About the Program
The mission of the Community Planning Program is to encourage community prosperity and the conservation of natural, agricultural, scenic and historic resources in communities through balanced planning and development. This mission is accomplished through public education and technical assistance to promote practices which achieve a balance of conservation and development. These include planning, zoning, design, and construction measures to improve the quality of developed neighborhoods, retain historic structures and character, conserve open space and natural features, and improve environmental quality on land that is to be developed or redeveloped.
In 1996, the Countryside Program was established as a project of the Western Reserve Resource Conservation and Development Council. In its first 10 years, the Program conducted over 300 workshops, and over 200 technical assistance projects. Since 2006, the Program has taken on a new life as part of the Urban Research and Service Centers at the Levin College, under the Center for Community Planning and Development. The Program has coordinated the Ohio Lake Erie Commission’s Best Local Land Use Practices program, an outreach program assisting local governments with implementing Balanced Growth practices. Since then, the Program has continually expanded its outreach and expertise, both under the Balanced Growth program and in independent projects, focusing on sound local government decision making.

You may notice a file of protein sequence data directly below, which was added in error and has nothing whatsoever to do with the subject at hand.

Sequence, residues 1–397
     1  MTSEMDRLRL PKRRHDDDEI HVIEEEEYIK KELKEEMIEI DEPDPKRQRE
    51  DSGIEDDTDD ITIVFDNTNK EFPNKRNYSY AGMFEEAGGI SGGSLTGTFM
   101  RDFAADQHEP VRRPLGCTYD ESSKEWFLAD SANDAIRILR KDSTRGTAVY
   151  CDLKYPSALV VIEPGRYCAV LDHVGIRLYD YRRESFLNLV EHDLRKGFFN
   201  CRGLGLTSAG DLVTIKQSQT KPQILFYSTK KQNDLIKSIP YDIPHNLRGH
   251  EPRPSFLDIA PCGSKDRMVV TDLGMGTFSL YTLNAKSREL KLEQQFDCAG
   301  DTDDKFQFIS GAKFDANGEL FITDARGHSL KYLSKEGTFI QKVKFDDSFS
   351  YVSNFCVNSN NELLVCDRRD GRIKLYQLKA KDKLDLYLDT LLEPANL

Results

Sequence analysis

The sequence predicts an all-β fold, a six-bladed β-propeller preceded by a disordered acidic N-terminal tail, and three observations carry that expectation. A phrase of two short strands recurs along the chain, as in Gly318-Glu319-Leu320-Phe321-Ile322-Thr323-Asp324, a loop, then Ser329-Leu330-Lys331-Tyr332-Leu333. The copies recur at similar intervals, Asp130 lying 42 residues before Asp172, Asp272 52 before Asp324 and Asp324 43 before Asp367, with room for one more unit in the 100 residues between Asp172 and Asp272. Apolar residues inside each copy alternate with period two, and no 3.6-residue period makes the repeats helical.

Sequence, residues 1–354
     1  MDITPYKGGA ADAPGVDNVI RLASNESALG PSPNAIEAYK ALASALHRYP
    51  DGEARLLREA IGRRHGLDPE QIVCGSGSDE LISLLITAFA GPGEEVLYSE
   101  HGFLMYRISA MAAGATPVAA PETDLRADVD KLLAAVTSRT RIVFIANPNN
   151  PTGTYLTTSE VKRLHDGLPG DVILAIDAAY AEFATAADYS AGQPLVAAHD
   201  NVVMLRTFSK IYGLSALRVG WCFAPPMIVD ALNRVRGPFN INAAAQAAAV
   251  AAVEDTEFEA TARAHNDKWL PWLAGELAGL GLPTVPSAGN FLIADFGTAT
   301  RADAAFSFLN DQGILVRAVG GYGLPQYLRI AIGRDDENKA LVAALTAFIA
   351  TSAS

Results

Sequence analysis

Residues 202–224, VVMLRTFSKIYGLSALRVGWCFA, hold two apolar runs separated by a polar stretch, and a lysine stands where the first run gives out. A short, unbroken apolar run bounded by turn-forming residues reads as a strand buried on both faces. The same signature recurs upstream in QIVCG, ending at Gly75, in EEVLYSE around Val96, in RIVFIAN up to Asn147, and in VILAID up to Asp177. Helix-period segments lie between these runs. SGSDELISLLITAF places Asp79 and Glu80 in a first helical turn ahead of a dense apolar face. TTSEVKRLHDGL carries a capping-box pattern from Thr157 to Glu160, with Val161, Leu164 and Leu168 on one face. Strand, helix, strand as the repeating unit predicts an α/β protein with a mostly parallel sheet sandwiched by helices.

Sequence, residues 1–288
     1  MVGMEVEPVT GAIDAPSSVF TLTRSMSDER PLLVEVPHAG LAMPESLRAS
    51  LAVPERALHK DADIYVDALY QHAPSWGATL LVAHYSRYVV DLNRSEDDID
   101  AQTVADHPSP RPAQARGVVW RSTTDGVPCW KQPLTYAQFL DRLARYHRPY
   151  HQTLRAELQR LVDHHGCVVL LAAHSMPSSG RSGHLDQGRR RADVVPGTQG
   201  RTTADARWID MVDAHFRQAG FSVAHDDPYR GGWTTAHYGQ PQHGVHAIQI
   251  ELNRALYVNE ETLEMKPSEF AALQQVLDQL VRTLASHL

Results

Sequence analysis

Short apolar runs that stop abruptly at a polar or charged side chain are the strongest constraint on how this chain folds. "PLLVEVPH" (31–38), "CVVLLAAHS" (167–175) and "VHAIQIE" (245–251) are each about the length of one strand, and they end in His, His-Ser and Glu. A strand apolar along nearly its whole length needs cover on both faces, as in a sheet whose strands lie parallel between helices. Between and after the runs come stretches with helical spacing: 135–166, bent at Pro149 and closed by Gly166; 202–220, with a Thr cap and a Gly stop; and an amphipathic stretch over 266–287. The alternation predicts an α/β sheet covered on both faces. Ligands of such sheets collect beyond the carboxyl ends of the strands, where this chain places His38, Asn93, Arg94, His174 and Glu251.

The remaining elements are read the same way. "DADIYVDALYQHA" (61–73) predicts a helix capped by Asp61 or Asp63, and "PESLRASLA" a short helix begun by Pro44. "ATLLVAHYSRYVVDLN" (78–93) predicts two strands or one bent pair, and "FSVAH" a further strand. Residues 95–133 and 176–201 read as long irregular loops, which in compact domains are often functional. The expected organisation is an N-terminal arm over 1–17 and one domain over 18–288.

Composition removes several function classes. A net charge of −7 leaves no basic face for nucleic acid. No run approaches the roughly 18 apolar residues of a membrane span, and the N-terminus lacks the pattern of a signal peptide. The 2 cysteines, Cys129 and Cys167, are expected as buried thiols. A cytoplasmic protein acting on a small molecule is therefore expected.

In 2002/2003, Kirby Date led the Local Best Practices work group for the Ohio Lake Erie Commission’s Blue Ribbon Panel on Balanced Growth. She is the author/editor of the Best Local Land Use Practices document of the Balanced Growth program, recently expanded and redeveloped in 2012 as part of a set of statewide resources available on the Ohio Balanced Growth web site. Since 2006 she has led the Best Local Land Use Practices Program for the Ohio Lake Erie Commission’s Balanced Growth Initiative. In 2005, the program published Case Studies in Family Land Conservation, the culmination of a three year project to assist 15 landowners throughout the region in early decision-making for their land. The Program has also assisted individual local communities with planning projects, including a downtown district plan for the Village of Jefferson in Ashtabula County; a comprehensive plan for Southington Township; a retail market analysis and economic base analysis for the Village of Middlefield; a retail market study for six Cleveland neighborhoods, and a housing market analysis for the City of Oberlin. Ms. Date led the Northeast Ohio Sustainable Communities Consortium's Quality Connected Places working group in 2011, and currently serves on the City of Cleveland Office of Sustainability’s Forest City Working Group.